Not only have the devices used for interpretation sessions changed, but also the type of interpretation. Interpreters are, for instance, not always required to be on site. Depending on the demands of the customer a session via phone or video is more appropriate and cost effective. In 2015, the Norwegian government spent half of their interpretation budget on transportation, so this is clearly a big issue.

More benefits for interpreters

Technology has also made interpreters’ lives much easier. Now, they can work more efficiently with access to technology they never had before. With the introduction of these new tools, an interpreter’s life does not have to be as hectic.

TikkTalk includes a calendar in which interpreters and their clients can easily schedule interpretations sessions. That way important appointments are always synchronized, days and time slots can be blocked for holidays or other obligations, and calendar notifications via phone or email make it almost impossible to miss a meeting.

Further, interpreters can work more comfortably at home, or even work from planes and trains. The freedom that technology has created for interpreters is unparalleled.

More efficiency for customers

Yet the technologies not only help interpreters, they also greatly benefit customers. Interpretation sessions and services are now more efficient and affordable especially regarding video and phone sessions.

Police and hospitals, for instance, can benefit greatly from this. In an emergency where someone speaks a different language, communication barriers are more easily overcome because technological solutions mean that interpreters can be more available and responsive than before.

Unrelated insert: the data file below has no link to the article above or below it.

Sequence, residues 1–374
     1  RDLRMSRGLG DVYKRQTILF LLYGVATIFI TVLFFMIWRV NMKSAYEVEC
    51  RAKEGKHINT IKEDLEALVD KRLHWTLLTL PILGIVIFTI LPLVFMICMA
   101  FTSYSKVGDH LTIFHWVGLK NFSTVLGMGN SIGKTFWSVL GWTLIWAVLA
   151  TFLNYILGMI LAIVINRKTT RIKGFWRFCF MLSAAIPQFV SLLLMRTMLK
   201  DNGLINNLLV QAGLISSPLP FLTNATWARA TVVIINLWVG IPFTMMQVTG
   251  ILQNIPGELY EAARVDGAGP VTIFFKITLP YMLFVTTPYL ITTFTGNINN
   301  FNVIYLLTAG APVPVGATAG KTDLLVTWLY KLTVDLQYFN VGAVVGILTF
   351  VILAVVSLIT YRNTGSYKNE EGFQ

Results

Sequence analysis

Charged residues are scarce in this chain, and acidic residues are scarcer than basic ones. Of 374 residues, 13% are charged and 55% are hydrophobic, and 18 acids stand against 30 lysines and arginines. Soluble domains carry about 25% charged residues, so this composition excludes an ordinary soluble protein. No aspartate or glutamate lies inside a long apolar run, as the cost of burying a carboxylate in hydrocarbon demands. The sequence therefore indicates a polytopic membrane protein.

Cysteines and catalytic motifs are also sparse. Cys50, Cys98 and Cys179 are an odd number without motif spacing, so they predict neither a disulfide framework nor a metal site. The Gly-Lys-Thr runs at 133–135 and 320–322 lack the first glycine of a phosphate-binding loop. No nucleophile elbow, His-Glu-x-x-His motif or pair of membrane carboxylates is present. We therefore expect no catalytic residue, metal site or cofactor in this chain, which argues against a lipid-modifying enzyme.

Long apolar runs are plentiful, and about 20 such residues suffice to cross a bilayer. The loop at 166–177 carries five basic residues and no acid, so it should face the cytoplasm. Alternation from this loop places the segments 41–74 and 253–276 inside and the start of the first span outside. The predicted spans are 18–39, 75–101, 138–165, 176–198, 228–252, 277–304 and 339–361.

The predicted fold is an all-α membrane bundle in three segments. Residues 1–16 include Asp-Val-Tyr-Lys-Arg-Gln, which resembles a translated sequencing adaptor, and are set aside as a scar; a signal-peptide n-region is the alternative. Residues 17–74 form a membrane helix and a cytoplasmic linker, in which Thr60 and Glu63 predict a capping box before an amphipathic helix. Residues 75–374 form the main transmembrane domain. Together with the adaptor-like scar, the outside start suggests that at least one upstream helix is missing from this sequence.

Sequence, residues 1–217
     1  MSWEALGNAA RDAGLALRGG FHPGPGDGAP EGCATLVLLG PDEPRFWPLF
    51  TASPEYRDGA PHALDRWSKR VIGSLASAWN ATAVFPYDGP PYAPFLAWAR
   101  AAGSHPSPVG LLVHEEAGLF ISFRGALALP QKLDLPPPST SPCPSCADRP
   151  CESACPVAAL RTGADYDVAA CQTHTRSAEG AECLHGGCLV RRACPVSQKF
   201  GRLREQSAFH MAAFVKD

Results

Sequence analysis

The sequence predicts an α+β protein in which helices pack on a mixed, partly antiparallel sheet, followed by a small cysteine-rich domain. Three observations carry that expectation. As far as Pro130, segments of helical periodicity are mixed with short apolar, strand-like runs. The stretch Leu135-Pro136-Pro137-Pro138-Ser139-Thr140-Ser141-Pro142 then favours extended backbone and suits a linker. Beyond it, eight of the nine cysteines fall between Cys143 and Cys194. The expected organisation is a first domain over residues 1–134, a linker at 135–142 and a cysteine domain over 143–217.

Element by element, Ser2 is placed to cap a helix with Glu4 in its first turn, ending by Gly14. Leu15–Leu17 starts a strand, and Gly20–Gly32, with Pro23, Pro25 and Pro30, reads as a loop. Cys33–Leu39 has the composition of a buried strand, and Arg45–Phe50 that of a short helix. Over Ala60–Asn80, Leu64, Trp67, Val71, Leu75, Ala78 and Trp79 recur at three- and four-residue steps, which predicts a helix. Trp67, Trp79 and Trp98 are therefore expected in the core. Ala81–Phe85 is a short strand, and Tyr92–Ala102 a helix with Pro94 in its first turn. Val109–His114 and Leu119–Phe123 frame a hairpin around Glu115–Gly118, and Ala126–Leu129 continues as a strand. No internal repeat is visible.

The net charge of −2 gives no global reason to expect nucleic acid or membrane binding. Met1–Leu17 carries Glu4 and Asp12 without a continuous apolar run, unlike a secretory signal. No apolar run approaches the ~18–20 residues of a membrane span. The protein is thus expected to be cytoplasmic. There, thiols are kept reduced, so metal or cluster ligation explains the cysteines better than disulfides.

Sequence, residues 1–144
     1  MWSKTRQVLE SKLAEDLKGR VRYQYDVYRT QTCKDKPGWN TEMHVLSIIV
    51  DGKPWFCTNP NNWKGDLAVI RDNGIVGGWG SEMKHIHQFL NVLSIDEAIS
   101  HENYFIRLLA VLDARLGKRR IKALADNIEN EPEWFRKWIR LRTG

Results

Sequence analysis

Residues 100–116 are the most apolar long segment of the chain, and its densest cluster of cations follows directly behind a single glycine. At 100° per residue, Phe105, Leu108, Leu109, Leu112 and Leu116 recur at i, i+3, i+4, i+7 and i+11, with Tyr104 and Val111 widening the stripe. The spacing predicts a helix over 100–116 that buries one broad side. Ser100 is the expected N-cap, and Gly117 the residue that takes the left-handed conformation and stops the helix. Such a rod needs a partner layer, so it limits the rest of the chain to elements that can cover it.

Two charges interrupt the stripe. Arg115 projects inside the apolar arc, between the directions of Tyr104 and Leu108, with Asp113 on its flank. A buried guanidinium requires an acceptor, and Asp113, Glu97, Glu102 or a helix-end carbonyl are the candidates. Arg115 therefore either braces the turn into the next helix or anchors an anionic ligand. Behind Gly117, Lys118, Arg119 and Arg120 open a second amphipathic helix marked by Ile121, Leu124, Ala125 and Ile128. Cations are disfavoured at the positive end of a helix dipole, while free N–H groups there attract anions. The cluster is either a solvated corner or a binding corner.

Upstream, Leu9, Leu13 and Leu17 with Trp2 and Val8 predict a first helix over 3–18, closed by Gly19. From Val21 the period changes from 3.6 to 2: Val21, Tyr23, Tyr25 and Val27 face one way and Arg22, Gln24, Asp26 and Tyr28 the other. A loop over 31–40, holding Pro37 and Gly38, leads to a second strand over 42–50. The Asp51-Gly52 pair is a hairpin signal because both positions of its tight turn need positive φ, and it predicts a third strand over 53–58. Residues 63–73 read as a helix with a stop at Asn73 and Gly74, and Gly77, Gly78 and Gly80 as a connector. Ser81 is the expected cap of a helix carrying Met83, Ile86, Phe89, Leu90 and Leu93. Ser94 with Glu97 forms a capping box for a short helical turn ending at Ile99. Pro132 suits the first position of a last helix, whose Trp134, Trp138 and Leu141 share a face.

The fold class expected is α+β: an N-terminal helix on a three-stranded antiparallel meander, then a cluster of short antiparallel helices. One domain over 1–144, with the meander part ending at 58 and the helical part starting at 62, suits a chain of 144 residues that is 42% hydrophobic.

The digital advances have greatly united the interpreter and customer, making the interpretation process much easier and enjoyable. Previously, interpreting was less of a convenience and more of a hassle. Technology will continue to evolve, and interpreting will follow right behind.

TikkTalk wants to help you in all of your interpreting needs by providing superior technology as well of as a platform that quickly connects interpreters with anyone in need of interpretation services. Visit us, and let’s TikkTalk!

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Skiwo unveils new name for interpretation platform: TikkTalk

The last weeks and months have been great here at Skiwo. Over a hundred new interpreters have signed up, our in-house team is growing, and our first clients have started using the service.

As an agile tech company, we launched our platform as quickly as possible to get real-life feedback from interpreters and clients alike. We’re convinced that’s the best way of giving people exactly what they want.

Now we’ve taken all the feedback on board and unveiled a new name for our interpretation services: TikkTalk.

For those who have started using the service, nothing will change – but the new brand name will help us expand and cement our position in the market.

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Why TikkTalk?
TikkTalk represents the tech-driven and friendly problem-solver which is underway to elevate the interpretation industry into the future.